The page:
Jhulan Calls Curtain On International Career; Harmanpreet In Tears

BENGALURU | Updated: 25 September, 2022 11:25 am IST

One of the greatest women cricketers in India, Jhulan Goswami, has announced that the third ODI against England on Saturday will be her last international match. The 39-year-old said that though she is retiring from international cricket, she might be available for the Women’s Indian Premier League (IPL) which is in the pipeline.

The veteran cricketer, who began her career in 2002, has chalked up 253 ODI, 56 T20I and 44 Test wickets in a career spanning two decades. In the ODIs, she’s the highest wicket-taker in the world and the only one to have grabbed over 200 scalps in the format. In Test matches, only Diana Edulji and Shubhangi Kulkarni have snapped up more wickets for India.

Born in 1982 in a village called Chakdaha of West Bengal’s Nadia district, Jhulan was spurred to take up cricket after she watched the final of the Women’s World Cup in 1997 between Australia and New Zealand. Her school had taken students to watch the final, which was held at Eden Gardens in Kolkata.

From there on, Jhulan started travelling to Kolkata every day for cricket practise as facilities in her small town weren’t adequate. It took her more than two hours to travel, but her propulsive desire and steadfast grit helped her overcome all barriers.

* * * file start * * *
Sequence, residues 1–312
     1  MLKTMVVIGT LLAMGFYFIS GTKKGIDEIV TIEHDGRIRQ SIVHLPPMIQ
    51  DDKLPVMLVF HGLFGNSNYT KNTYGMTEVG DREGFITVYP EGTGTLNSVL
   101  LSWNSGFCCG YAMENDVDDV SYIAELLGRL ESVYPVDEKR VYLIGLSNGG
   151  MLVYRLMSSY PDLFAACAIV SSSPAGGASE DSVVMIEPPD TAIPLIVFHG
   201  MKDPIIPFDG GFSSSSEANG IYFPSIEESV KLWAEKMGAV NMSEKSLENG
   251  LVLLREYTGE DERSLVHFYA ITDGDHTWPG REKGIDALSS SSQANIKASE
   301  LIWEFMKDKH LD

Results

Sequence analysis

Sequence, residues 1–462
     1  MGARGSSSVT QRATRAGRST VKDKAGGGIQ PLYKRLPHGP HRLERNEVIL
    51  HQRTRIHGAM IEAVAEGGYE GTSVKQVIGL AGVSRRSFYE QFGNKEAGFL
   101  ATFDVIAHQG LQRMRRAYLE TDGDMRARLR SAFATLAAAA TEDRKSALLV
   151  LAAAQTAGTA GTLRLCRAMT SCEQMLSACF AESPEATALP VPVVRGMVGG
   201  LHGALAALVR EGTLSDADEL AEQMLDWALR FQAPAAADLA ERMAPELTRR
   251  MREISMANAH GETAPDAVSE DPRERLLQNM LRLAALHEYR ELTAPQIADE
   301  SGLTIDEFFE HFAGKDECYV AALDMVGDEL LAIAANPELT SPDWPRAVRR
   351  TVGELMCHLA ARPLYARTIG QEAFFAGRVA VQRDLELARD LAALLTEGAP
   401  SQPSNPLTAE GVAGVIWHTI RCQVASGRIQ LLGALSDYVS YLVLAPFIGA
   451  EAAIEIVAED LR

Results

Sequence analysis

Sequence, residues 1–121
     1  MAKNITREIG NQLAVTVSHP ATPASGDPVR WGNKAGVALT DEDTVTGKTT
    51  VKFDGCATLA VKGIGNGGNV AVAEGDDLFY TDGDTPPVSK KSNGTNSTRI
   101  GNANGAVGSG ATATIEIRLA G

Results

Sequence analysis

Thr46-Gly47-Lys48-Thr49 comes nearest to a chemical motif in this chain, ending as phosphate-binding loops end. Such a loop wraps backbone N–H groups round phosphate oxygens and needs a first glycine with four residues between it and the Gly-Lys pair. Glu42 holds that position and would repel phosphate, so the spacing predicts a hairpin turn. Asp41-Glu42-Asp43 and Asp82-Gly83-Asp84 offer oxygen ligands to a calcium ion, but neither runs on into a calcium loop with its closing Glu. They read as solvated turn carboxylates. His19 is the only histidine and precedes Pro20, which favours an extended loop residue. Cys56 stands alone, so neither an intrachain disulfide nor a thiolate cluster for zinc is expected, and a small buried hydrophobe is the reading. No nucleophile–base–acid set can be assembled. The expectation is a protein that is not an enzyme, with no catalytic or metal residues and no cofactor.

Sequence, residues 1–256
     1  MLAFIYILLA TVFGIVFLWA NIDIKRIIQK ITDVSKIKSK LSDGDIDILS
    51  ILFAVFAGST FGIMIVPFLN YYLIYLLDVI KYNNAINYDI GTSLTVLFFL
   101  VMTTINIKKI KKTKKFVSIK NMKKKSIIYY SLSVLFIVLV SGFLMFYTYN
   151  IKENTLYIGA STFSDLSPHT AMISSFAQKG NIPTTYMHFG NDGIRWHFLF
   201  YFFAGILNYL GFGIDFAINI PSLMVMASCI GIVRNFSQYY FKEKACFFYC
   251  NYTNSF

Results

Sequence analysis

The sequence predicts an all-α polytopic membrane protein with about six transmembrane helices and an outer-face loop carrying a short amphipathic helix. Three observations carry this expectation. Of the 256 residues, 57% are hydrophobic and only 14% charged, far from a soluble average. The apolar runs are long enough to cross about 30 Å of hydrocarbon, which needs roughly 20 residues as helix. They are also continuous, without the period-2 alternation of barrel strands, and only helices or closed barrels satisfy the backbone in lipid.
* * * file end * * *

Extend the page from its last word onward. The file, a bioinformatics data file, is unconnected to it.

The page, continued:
Claiming a four-wicket haul in her first World Cup match against West Indies in 2005, snaffling five wickets against England in the fourth ODI in 2005 – a series which India won 5-0 – and notching up a 10-wicket haul in India’s first Test win against England in 2006 are some of the highlights of her glowing career.

In 2007, Jhulan was chosen as the ICC’s Women’s Cricketer of the Year. In 2012, she was the second Indian woman cricketer to receive the Padma Shri after Edulji. She featured in two World Cup finals in 2005 and 2017, but on both occasions, India came up short.

“When I started, I never thought about playing for such a long time. Being from Chakdaha, travelling by train and spending two-and-a-half hours on a one-way journey daily. It was a great experience that I’ve enjoyed and learnt from,” Jhulan said at the online press conference. “I think the best memories are when I first represented India – getting my India cap from my captain was an amazing feeling, and bowling that first over in my career – that was the most important moment in my life,” she added.

Reflecting on her long career, the seamer stated, “I played two 50-over World Cup finals. It would’ve been great for me, India and women’s cricket if we could’ve won at least one of those. That was the ultimate goal. You prepare so much and put in a lot of hard work. We’ve played two-three World Cup finals, including T20, but weren’t able to win them. That hurt, and that’s one regret I have.”

“I was fortunate enough to have very good seniors who handled me very nicely at that time. Coming from a background where I didn’t know anything about professionalism, I’ve learnt from them,” she signed off.

Ahead of the start of the final match of Jhulan’s career, current India captain Harmanpreet Kaur hugged her and broke into tears. The incident happened during the team huddle where Jhulan had presented a special memento.

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